ISLAMABAD: A civil society protest on Wednesday against radicalism, held outside Lal Masjid, was disrupted.
After police officials rounded up a number of protesters, who were shouting slogans against the controversial mosque cleric.
The activists were issuing ‘reminders’ directed at Lal Masjid cleric Abdul Aziz that the nation stands united against the gruesome attack on Army Public School in Peshawar and has not forgotten his now-infamous statement days after the attack, where he refused to recognise the victims as martyrs or refer to the attackers as terrorists.
The gathering remained peaceful until it was disrupted by the police, who claimed to be taking protesters into protective custody to maintain law and order.
The city administration had initially tried to persuade the organisers of the protest to change the venue. After failing to do so, the police took them to Aabpara Police Station and released them after a while.
Khurrum Zaki, a rights activist, had come with his wife and teenage daughter. They were joined by roughly half-a-dozen other activists in front of Lal Majid at around 2pm. They chanted slogans against terrorist sympathisers and demanded the arrest of Aziz.
The police were already present there, cordoning off the mosque.
“The administration never tried to stop the protesters. They were allowed to peacefully protest,” said Islamabad Deputy Commissioner (DC) Capt (retd) Mushtaq Ahmad. He said he had ordered the police to refrain from arresting the protesters.
He said when he got to the site, the police were trying to push protesters away from the mosque’s entrance.
“No one was arrested from the site,” the DC added.
A police spokesperson repeated the claim. “No arrests have been made at the site”.
Following his remarks last year, Aziz faced a series of protest demonstrations staged in front of the mosque by to decry his statement. At the time, protesters also demanded that the government arrest him for openly supporting and sympathising with terrorists.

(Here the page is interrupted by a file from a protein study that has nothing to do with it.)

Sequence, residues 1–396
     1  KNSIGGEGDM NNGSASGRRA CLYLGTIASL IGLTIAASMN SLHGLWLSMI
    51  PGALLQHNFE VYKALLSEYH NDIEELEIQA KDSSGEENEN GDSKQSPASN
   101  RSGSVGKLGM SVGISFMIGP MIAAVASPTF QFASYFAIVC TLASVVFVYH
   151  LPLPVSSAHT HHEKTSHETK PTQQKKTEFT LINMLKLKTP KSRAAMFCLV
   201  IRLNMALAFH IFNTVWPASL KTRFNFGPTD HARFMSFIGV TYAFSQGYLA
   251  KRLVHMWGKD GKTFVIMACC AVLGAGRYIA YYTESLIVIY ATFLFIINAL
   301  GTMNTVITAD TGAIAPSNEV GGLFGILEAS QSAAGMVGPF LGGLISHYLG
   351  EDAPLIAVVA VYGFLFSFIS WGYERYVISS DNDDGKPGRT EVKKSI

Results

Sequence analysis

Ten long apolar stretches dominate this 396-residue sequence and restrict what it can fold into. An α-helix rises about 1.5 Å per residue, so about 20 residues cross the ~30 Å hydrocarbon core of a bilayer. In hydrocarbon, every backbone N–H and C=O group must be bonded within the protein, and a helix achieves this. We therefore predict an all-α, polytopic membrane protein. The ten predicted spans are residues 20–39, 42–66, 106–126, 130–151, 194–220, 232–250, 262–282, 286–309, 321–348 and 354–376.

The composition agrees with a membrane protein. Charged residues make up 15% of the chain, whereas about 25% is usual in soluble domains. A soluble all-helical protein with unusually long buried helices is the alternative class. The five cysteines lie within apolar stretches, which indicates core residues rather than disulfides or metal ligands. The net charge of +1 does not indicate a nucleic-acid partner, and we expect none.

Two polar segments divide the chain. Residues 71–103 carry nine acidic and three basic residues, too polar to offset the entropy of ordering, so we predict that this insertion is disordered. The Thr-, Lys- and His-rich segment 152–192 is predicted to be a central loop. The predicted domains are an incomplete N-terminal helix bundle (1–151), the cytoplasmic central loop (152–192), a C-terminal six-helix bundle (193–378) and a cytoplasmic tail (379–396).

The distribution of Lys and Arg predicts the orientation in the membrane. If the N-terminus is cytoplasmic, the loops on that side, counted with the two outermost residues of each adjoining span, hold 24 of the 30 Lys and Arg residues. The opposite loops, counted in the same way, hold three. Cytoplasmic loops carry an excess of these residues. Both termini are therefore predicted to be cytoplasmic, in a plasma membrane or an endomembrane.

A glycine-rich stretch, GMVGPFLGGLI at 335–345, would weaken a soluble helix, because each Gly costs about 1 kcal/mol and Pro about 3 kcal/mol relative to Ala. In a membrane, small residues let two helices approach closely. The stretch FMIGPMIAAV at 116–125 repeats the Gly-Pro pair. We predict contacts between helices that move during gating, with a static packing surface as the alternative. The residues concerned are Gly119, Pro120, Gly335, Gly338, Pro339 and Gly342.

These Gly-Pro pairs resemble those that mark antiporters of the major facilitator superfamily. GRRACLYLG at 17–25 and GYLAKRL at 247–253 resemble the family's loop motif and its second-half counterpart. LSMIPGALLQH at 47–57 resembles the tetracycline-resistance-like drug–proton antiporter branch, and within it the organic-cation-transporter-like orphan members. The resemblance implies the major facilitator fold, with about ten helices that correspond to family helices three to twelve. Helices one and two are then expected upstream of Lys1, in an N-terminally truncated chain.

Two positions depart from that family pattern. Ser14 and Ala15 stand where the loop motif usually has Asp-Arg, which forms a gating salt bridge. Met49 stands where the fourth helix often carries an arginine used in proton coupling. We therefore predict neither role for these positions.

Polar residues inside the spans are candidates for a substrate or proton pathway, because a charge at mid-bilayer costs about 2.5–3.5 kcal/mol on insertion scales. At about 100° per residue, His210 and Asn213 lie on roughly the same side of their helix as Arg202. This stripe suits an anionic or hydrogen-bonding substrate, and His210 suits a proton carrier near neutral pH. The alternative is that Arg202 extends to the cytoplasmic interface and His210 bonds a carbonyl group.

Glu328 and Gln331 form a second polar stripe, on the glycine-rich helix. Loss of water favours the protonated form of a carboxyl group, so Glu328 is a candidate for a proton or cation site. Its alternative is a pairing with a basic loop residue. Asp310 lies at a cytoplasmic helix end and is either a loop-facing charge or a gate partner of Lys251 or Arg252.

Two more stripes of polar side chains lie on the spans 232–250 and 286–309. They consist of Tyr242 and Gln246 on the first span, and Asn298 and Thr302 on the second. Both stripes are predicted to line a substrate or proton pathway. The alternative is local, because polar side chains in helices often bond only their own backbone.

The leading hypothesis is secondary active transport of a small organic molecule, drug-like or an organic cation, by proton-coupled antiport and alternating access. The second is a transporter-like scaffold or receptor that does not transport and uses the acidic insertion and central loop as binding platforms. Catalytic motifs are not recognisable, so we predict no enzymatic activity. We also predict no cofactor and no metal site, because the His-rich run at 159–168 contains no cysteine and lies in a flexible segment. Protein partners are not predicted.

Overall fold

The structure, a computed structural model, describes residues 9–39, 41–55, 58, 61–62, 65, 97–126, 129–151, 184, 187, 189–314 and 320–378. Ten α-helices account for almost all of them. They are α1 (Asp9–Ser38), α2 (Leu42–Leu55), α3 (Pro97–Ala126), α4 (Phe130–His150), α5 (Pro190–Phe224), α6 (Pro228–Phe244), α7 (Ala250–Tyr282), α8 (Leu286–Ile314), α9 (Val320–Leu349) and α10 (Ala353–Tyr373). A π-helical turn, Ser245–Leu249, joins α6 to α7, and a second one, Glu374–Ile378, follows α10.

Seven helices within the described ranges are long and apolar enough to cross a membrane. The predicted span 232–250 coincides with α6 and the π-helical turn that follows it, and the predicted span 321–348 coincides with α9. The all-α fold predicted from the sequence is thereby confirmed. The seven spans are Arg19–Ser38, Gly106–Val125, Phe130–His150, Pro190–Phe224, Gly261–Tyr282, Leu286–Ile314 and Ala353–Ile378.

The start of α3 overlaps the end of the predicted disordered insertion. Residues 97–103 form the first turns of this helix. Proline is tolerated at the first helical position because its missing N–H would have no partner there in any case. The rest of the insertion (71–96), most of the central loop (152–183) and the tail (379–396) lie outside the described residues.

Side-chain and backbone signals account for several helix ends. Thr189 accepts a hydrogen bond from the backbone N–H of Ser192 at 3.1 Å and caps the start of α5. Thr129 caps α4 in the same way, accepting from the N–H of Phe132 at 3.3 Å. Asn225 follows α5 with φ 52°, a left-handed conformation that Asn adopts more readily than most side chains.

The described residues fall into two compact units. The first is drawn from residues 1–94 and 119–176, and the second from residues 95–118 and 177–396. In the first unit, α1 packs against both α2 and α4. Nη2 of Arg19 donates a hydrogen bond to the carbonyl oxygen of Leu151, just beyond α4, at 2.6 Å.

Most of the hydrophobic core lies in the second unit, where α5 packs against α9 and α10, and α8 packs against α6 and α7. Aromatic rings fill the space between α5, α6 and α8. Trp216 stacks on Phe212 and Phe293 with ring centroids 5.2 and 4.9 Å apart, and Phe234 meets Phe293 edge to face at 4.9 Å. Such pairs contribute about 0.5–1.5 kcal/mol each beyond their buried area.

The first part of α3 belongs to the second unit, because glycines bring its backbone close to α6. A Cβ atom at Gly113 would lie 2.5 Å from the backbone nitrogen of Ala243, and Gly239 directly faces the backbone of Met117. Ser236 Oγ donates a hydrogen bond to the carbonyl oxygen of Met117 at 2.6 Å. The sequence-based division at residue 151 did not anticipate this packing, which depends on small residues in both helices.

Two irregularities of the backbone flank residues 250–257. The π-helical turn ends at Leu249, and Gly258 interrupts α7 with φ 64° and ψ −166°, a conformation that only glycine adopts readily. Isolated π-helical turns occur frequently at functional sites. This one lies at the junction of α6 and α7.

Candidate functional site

Following the protests, an FIR was also registered against the cleric, but, he free remains free and has recently re-launched a campaign to have Sharia law imposed in Pakistan through a petition filed in the Supreme Court on Tuesday. The first hearing is scheduled for Thursday (today).
“We gathered there. It is our fundamental right under the constitution,” said Khurrum Zaki, the organiser of the protest. We were demanding the implementation of the National Action Plan, which calls for strict action against terrorist sympathisers, facilitators and supporters, Zaki said.
He said Lal Masjid had already pledged its support for the Islamic State (IS) militant group, while the mosque continues to produce hate speech.
“Even my 16-year-old daughter was arrested by the police. The policemen also tortured my wife and other protesters,” Zaki said.
“If you can’t arrest terrorists sympathisers, at least don’t stop us from protesting against them,” Zaki said.
He alleged that the police were protecting self-declared enemies of the state and its institutions. He rebutted the police and administration claims that protesters were getting too close to the mosque’s entrance, saying that they remained at a greenbelt along the road running past the mosque.
Ali Salman Alvi, another protester, said the police deliberately bulldozed the peaceful gathering by arresting innocent, concerned citizens.
Meanwhile, in late development, Interior Minister Chaudhry Nisar Ali Khan has ordered an inquiry into the conduct of policemen deputed outside the mosque. In a statement, the interior ministry said that any police officials found guilty of torturing the protesters would be suspended.